How‌ ‌to‌ ‌Successfully‌ ‌Implement‌ ‌Well-being‌ ‌Initiatives

How‌ ‌to‌ ‌Successfully‌ ‌Implement‌ ‌Well-being‌ ‌Initiatives

How‌ ‌to‌ ‌Successfully‌ ‌Implement‌ Well-being‌ ‌Initiatives‌ ‌in‌ ‌the‌ ‌Company?‌ 

Once the managers of a company or human resources department have created a well-being promotion program, it is time for employees to engage in physical and mental health improvement activities organized by the company. But companies sometimes face challenges. With thoughtful and easy activities, companies manage to implement well-being initiatives in the work team successfully. Read more: Why Well-being Initiatives are Essential for Employee Productivity.

Challenges for implementing well-being initiatives:

  • Lack of time for well-being activities for both the employees and managers 
  • Disengagement of employees in well-being programs

A study found that lack of time was considered a major challenge in wellness programs by 49% of employees and 47% of managers, with 39% of employees and 34% of managers reporting insufficient managerial involvement and 25% of managers citing low responsiveness as the biggest challenge [1].

Lack of time for well-being activities

For many companies and their employees, the challenge in their work schedule is to devote time to wellness programs. According to a survey, 33% of companies offer employees time to perform health-enhancing activities or health examinations during working hours [2]. In turn, 36% of the survey employees believe that it is more difficult to find time for physical activity during the working day [3]. And employees are more involved in well-being initiatives if they take place during work hours.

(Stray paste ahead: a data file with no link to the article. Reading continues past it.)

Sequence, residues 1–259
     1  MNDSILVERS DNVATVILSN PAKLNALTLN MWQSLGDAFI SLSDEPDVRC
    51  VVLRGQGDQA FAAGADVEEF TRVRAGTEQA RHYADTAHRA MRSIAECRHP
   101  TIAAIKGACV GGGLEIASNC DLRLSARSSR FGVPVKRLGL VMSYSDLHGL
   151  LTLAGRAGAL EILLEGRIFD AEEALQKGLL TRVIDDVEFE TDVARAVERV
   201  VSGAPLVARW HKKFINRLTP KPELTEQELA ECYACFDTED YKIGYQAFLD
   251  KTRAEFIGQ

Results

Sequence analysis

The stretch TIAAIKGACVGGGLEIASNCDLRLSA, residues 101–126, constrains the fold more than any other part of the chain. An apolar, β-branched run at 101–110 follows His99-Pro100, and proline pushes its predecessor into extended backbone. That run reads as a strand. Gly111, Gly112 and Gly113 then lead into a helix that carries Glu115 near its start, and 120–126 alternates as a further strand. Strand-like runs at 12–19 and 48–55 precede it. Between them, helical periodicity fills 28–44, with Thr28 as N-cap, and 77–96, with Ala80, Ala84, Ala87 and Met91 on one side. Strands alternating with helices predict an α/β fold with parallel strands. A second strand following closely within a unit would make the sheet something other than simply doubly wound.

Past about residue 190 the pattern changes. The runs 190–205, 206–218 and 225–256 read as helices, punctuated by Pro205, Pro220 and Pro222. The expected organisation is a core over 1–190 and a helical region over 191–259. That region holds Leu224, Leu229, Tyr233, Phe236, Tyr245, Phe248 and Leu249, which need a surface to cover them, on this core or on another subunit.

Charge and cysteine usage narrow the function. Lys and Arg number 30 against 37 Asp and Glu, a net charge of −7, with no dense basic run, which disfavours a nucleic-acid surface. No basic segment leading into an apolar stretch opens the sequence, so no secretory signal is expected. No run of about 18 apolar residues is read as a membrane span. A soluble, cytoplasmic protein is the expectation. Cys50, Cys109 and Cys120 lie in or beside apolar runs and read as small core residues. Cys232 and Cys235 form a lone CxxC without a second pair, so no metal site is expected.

Tips for choosing a time to promote well-being:

Employee engagement in well-being programs

The United States has the highest rate of workplace wellness programs globally. Namely, 52% of US employees are offered to improve their physical and mental well-being [5]. Also, of all employees in the United States for whom the company provides wellness programs, only 40% participate [5]. The European Union’s participation rate is even lower, reaching only 15% of employees in Germany [6], and 1 in 7 employees in the United Kingdom [7]. This shows a significant challenge – to engage work teams in well-being programs.

Passivity is due to lack of time, motivation, interest, communication about the wellness program, and underestimating one’s health. 80% of employees rely on feeling generally good, while 18% of employees have recently been prevented from achieving their work goals due to illness and headaches [5].

The challenge of employee engagement is also related to the low level of trust. Only 6% of employees believe that the manager fully understands how to promote well-being in the workplace. The majority of employees, or 67% of respondents, rate managers’ understanding of promoting well-being as average [1].

Recommendations for employee engagement and participation:

Engagement of employees in the development of the well-being program

In a meeting or e-mail, announce the project’s start to each employee, find out the employees’ wishes and opinions in a discussion or questionnaire, and invite employees to submit their proposals. When a company involves participants in the program development phase, they get engaged in an already established project with a much higher involvement.